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At the moment, I have long hair. I’m not talking about Rapunzel-style locks here, but it is well past my shoulders now, a length it hasn’t been since I got married 12 years ago. I’m occasionally still startled by the sight when I look in the mirror. My short hair had become something of a signature, and I liked it. It felt like me. Now I feel like I’m wearing someone else’s hair. I just wish that girl were here to deal with it for me, because long hair is a lot of work.

So why the change? Originally, there was no intent. I was pregnant with Avery, and we were broke. Decent haircuts are expensive, so I kept putting off getting one. My hair got longer, bolstered by pregnancy hormones. People started to compliment me. It’s funny, most people – men and women alike – love long hair. It doesn’t have to be cut particularly well, either. It’s all about length. When magazines take polls, long hair wins every time. Moreover, if you happen to favor short hair, you’ll have trouble finding inspiring new cuts, unless you buy a magazine specifically geared for them. Short-haired beauties are not well-represented among fashion models, so it’s tough to find them in the pages of most magazines. When I still had short hair and found a picture of great cut, I’d get extremely excited. The hair stylists I would bring my finds to would be nearly as thrilled as I was. Apparently they don’t get a lot of opportunity to experiment with fashion-forward short haircuts.

Judging by the compliments I receive, people seem to prefer my hair long. Here’s the thing: I don’t. It was fun for awhile, the novelty of it all. I liked being able to put it in a ponytail or a messy topknot. But the truth is, my hair is not well-suited to being long. I have extremely fine hair, and not a ton of it. I don’t mean I’m suffering from hair loss, or anything (although those who see my bathroom floor might question this). It’s just that when my hair reaches a certain length, it loses significant volume. Worse, it tangles. Well, it more than tangles, actually. It mats. I can comb my hair in the morning, throw it back into a ponytail, and do nothing more active than the laundry. By the end of the day, the hair in the ponytail is so snarled it requires spray after spray of children’s detangler to set it free again (if you notice that my hair smells like a Jolly Rancher, you’ll know why). At night, at the suggestion of my hair stylist, I take each side, separate it into two parts, and twist the sections round and round each other before securing each with a cloth hair tie. This routine is necessary to prevent waking up with the beginning of dreadlocks, a look I can assure you would not work for me. In the shower, I use handfuls of conditioner and finger comb. Post-shower, I apply gobs of a leave-in conditioner that allows me to drag a comb through before applying an oil to the ends – you guessed it – to prevent tangling. Again, I do not have a lot of hair. The hair I have just ties itself in knots no matter what I do, kind of like headphone wires. The last time I was sick enough to go a few days without combing my hair, I looked homeless. It was scary. It took a whole lot of oil and a very painful 45 minutes to resolve.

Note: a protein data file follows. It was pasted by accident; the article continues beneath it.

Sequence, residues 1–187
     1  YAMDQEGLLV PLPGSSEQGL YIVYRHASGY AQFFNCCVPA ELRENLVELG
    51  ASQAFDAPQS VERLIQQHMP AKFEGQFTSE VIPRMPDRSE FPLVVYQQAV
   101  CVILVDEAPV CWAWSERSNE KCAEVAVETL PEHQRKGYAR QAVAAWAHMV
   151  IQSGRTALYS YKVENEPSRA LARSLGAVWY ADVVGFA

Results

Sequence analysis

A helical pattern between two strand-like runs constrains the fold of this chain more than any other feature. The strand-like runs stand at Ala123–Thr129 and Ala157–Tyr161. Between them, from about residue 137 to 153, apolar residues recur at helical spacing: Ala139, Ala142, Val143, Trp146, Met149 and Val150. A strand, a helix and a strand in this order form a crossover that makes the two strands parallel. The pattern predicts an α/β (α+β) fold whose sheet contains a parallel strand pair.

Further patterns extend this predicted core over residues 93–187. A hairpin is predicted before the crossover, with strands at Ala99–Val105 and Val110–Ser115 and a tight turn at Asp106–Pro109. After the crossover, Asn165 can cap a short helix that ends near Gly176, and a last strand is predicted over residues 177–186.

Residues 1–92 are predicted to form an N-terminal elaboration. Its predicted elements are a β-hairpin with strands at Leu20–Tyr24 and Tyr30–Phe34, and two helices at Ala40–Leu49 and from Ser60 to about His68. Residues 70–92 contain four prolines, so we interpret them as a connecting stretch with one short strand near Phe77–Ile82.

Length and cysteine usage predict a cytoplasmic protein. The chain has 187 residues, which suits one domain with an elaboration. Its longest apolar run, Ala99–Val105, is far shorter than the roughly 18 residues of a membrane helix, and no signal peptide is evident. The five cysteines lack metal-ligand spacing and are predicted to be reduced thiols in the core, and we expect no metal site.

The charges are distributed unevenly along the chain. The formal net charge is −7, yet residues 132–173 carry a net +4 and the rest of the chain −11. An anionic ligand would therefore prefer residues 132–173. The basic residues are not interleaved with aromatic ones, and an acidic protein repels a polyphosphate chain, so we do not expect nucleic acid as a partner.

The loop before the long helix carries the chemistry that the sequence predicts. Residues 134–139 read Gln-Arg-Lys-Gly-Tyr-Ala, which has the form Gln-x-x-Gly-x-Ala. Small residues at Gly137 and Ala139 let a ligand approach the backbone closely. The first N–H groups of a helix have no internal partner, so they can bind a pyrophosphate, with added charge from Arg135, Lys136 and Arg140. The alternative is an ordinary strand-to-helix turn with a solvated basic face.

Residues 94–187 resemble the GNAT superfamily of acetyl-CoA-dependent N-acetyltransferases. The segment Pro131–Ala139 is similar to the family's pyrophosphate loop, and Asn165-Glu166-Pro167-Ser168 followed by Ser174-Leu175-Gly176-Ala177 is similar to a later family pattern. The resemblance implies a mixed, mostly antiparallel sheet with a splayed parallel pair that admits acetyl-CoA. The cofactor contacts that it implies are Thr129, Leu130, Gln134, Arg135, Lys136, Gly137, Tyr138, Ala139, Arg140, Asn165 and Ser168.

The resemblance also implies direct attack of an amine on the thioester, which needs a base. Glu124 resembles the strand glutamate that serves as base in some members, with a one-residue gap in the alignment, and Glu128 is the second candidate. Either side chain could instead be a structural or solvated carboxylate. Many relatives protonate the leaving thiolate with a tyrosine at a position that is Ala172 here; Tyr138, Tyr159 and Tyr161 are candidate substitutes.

So why, given all of this, is my hair still long? Part of it is that I am too sensitive to other’s opinions. I’ve had dozens and dozens of compliments since growing it out. If I hear another, “Wow… your hair looks so pretty long!” I might actually scream.  Oh, yes, and it’s also been implied that I look younger with long hair. Gee, thanks. Also, I’ve lost some but not all of my “baby weight.” My face is rounder than I prefer it, which leaves me feeling less confident about shorter hair. You can hide behind long hair, and I have.

The whole thing reminds me of when I was 10 or 11, and had my hair cut short, probably because my mother was tired of listening to me yell while she tried to comb through it. We were at a roller rink and some lovely little girl looked at me and said, “The boys line is over there.” Her message was clear: Without long hair, I could easily be mistaken for a boy; I wasn’t pretty enough without it. It’s been 34 years, and part of me still fears that might be true. Unfortunately, that fear ratchets up several notches when I’m on the heavier side.

My husband thankfully doesn’t care either way. He’s tired of having to hose down our bathtub to prevent Avery from falling… all that extra conditioner. Also, my hair ends up everwhere. I bought a haircatcher for the drain, which does help. But it doesn’t prevent it from clogging the bathroom sink or ending up all over the floor. If he comes home one night and I’ve given up and chopped all of my hair to my chin, he’ll love me just as much. I love him for that.

And me? I think my hair is pretty for about 10 minutes after I comb it. But it’s a crazy amount of work, and the level of breakage suggests my hair isn’t very happy being long. I’m torn. I want to feel pretty and confident, but I’d like to feel like myself as well, and I’m not sure if long hair is part of that. I haven’t seen any pictures of great short cuts lately, either. It’s a tough decision. I don’t know what to do. To cut or not to cut, that is the question.

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